Five scientific reasons why our brains need a break

Have you ever been stumped by a problem, decided to take a break, and then later found that the answer magically came to you in a burst of inspiration? Taking a break can help to refocus our minds, making us ready to tackle the challenges of working in an increasingly busy primary care sector

A ‘break’ is a ‘brief cessation of work, physical exertion, or activity’. You decide to ‘give it a rest’, with the intention of getting back to your task within a reasonable amount of time – but when you ‘give it a rest’ what part of your brain actually needs that break?

For ‘think-work,’ it’s the prefrontal cortex (PFC), the thinking part of your brain, according to an eye-opening blog by author Nir Eyal. When you are doing goal-oriented work that requires concentration, your PFC keeps you focused on your goals. The PFC is also responsible for logical thinking, executive functioning and using willpower to override impulses. That’s a lot of responsibility—no wonder it needs a break!

So, it’s clear that breaks can help you keep your goals in the spotlight; research also tells us that there are numerous other benefits to downtime. Of course, as everyone knows, breaks can bring you fun, relaxation, conversation and entertainment, but here we’ll focus on evidence that links periods of rest with greater work productivity.

As always, consider which of these ideas fits you—your personal work preferences, job rules and situation, energy level, priorities, goals and values. If your work habits already work for you, great; there’s no need to change.

Why Take Breaks? Here are five good reasons

  1. ‘Movement breaks’ are essential for your physical and emotional health. The benefits of taking brief movement breaks have been well-researched. Constant sitting – whether at your desk, in the lecture hall or watching the TV – puts you at higher risk of heart disease, diabetes, depression and obesity. Getting up from your chair to walk, stretch, do yoga – or whatever activity you prefer – can reduce the negative health effects from too much sitting. Just one, five-minute walkabout-break in every hour can improve your health and well-being.
  2. Breaks can prevent ‘decision-fatigue.’Author S.J. Scott points out that the need to make frequent decisions throughout your day can wear down your willpower and reasoning ability. Citing a famous study, Scott notes that Israeli judges were more likely to grant paroles to prisoners after their two daily breaks than after they had been working for a while. As decision-fatigue set in, the rate of granting paroles gradually dropped to near 0% because judges resorted to the easiest and safest option—‘Just say no’. Decision-fatigue can lead to simplistic decision-making and procrastination.
  3. Breaks restore motivation, especially for long-term goals. According to Nir Eyal’s blog, ‘When we work, our prefrontal cortex makes every effort to help us execute our goals. But, for a challenging task that requires our sustained attention, research shows that briefly taking our minds off the goal can renew and strengthen motivation later on.’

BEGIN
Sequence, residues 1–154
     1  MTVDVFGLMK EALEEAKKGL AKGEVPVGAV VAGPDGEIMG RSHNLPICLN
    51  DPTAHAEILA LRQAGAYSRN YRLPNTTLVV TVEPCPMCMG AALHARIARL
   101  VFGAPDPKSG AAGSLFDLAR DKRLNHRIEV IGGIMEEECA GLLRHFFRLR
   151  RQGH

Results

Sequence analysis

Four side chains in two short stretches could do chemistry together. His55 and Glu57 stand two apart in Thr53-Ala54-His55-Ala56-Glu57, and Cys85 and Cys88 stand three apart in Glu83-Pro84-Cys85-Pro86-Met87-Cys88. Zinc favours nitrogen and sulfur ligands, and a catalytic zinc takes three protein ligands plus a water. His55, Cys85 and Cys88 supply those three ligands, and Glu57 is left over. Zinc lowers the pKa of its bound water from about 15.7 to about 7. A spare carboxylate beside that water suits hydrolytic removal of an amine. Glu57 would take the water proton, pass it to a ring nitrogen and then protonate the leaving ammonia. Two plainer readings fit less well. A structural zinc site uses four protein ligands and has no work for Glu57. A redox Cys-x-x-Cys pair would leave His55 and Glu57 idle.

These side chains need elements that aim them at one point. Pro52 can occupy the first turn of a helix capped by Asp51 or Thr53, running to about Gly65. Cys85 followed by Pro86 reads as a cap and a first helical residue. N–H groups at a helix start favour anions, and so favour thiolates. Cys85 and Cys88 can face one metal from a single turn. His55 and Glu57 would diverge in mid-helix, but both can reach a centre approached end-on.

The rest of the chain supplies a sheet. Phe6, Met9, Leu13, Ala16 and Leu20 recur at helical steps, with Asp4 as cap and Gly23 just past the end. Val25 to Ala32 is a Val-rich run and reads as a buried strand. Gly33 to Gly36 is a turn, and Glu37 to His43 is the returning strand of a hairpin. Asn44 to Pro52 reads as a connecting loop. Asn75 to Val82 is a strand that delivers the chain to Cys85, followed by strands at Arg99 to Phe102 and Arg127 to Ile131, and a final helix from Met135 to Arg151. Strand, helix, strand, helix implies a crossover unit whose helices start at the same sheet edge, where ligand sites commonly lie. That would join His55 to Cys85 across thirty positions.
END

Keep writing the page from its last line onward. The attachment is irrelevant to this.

One study, Brief and rare mental ‘breaks’ keep you focused even suggests that prolonged attention to a single task can hinder performance. “We propose that deactivating and reactivating your goals allows you to stay focused,” Professor Alejandro Lleras says. “From a practical standpoint, our research suggests that, when faced with long tasks (such as studying before a final exam, or doing your taxes) it is best to impose brief breaks on yourself. Brief mental breaks will actually help you stay focused on your task!”

  1. Breaks increase productivity and creativity; working for long stretches without breaks leads to stress and exhaustion. Taking breaks refreshes the mind, replenishes your mental resources and helps you become more creative. Research shows that ‘aha moments’ come more often to those who take walking breaks while other research suggests also that taking regular breaks raises workers’ level of engagement which, in turn, is highly correlated with productivity.
  2. ’Waking rest’ helps consolidate memories and improve learning. Scientists have known for some time that one purpose of sleep is to consolidate memories; however, there is also evidence that resting while awake likewise improves memory formation. During a rest period it appears that the brain reviews and ingrains what it previously learned.

Understanding why our brains need to take a break is only useful if it encourages you to take one. NHS Employers is clear that employers have a duty to ensure that staff take their breaks. For those staff whose work is repetitive, continuous or requires exceptional concentration, employers should provide regular breaks to protect their health and safety. It’s particularly important for those who deal with clinical data to take some time to unwind, reducing the potential for making any errors.

This edited article first appeared in Psychology Today.

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